‘Crime is like racism: it must be stopped’

CityPress - - News - CAI­PHUS KGOSANA cai­phus.kgosana@city­press.co.za

South Africans must ex­pose and os­tracise crim­i­nals, and make them as ab­hor­rent as racists, says Deputy Cor­rec­tional Ser­vices Min­is­ter Tha­bang Mak­wetla.

He also be­lieves there isn’t enough po­lit­i­cal will to make crim­i­nal­ity the coun­try’s num­ber one en­emy.

“You can’t have peo­ple en­joy­ing life and say they must en­joy free­dom when they are bar­ri­caded be­hind high walls, their stress lev­els are high, ba­bies are killed be­cause of guns fired in all di­rec­tions,” he said in an in­ter­view with City Press.

“And we say we have got a bet­ter life? No, it’s not a bet­ter life.”

Mak­wetla said neigh­bour­ing coun­tries that un­der­went sim­i­lar na­tional lib­er­a­tion strug­gles had man­aged to con­tain crim­i­nal­ity.

South Africa should have fol­lowed their ex­am­ples, he said, but a lack of po­lit­i­cal will af­ter 1994 had re­sulted in an ex­po­nen­tial in­crease in crime.

“Crime is anti-peo­ple, it’s anti-progress, it’s coun­ter­rev­o­lu­tion­ary. But have we politi­cised crime enough as a lead­er­ship in charge of change in this coun­try?

“My hum­ble and hon­est view is that we have not done well enough in that re­spect.”

His words are bound to res­onate with many South Africans who have been left reel­ing af­ter a se­ries of bru­tal crimes against chil­dren in re­cent weeks.

These in­clude the death in Reiger Park near Boks­burg of four-year-old Tae­grin Mor­ris, who was dragged be­hind the wheel of his par­ents’ hi­jacked car, and the death in hos­pi­tal on Fri­day of three-year-old Luke Tib­betts, who was shot while gangs ex­changed fire in West­bury, Joburg.

“Crime is as bad and as ab­hor­rent an en­emy as all of those things the apartheid sys­tem was do­ing to our com­mu­ni­ties,” Mak­wetla said.

“It’s just as de­struc­tive as all of those things that were hap­pen­ing un­der apartheid. The lev­els of in­tol­er­ance to crim­i­nals have to be height­ened as a mat­ter of po­lit­i­cal obli­ga­tion. Just as we ab­hor racism in South Africa, that’s what we should have done to crime.”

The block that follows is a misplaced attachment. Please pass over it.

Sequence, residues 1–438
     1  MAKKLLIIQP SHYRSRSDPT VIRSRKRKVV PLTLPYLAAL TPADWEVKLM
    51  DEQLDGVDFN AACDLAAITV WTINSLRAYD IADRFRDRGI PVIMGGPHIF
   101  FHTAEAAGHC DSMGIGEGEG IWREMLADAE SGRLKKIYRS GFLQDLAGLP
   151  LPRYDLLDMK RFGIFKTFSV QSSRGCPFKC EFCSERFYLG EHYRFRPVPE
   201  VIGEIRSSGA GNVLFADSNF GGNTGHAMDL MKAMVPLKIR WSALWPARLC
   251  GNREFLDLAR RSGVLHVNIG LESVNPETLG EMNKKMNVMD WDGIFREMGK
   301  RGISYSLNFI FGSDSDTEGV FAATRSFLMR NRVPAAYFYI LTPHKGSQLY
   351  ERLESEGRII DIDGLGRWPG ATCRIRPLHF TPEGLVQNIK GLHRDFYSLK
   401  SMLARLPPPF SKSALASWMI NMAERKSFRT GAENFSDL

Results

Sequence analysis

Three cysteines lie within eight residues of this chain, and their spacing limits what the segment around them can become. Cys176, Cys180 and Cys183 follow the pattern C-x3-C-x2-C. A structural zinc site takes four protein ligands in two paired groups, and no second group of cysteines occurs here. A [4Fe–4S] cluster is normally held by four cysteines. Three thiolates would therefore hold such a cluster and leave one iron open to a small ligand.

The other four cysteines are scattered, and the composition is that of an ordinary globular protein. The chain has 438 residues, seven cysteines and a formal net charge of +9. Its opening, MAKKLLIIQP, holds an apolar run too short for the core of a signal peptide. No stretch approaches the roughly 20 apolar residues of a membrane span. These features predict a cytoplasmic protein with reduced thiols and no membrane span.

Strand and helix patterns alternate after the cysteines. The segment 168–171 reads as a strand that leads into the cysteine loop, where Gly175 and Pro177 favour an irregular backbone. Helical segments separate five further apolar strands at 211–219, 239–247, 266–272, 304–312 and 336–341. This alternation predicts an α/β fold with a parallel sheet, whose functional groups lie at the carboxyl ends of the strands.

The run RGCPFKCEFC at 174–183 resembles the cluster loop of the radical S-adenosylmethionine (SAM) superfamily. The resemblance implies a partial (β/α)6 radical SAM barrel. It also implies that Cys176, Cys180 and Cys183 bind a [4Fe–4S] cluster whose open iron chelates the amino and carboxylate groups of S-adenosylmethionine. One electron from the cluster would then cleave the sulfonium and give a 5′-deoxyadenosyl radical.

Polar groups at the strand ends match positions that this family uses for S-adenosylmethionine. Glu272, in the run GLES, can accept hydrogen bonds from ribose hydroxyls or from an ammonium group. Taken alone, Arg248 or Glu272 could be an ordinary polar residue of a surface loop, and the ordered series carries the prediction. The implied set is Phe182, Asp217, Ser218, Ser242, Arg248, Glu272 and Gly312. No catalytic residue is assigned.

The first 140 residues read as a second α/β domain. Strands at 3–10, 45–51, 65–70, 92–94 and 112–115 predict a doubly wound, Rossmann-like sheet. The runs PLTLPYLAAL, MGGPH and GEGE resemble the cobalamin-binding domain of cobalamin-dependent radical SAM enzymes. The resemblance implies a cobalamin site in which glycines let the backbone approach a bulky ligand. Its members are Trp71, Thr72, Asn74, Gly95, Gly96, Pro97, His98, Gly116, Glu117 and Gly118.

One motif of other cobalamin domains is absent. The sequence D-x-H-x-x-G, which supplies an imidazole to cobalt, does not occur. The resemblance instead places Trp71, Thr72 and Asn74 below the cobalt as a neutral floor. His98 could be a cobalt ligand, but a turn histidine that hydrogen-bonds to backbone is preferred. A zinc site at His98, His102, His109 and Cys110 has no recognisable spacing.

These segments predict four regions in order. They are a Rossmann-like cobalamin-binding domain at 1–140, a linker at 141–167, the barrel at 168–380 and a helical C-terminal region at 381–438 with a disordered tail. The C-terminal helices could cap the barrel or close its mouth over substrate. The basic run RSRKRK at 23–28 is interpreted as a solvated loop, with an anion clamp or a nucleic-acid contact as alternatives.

But he said over­crowded jails did not mean the crim­i­nal jus­tice sys­tem was fail­ing. In­stead, this was a sign of suc­cess.

“You can’t blame those things on the crim­i­nal jus­tice sys­tem. It is a so­ci­etal prob­lem that ac­counts for the high prison pop­u­la­tion and over­crowd­ing. The crim­i­nal jus­tice sys­tem would be fail­ing if all of these things were hap­pen­ing and peo­ple were not end­ing up in jail.”

He said his de­part­ment was try­ing to deal with over­crowd­ing and cor­rup­tion in pris­ons by work­ing with courts to limit the num­ber of de­tainees re­manded af­ter ap­pear­ing in court.

Officials are also seek­ing forms of restora­tive jus­tice rather than in­car­cer­a­tion for non-vi­o­lent of­fend­ers and work­ing on man­ag­ing the pa­role sys­tem bet­ter.

He said the de­part­ment was also com­pil­ing com­pre­hen­sive de­tails of thou­sands of vic­tims of crime so they could be in­cluded in the process when those who might have harmed them ap­ply for pa­role.

Tha­bang Mak­wetla

Newspapers in English

Newspapers from South Africa

© PressReader. All rights reserved.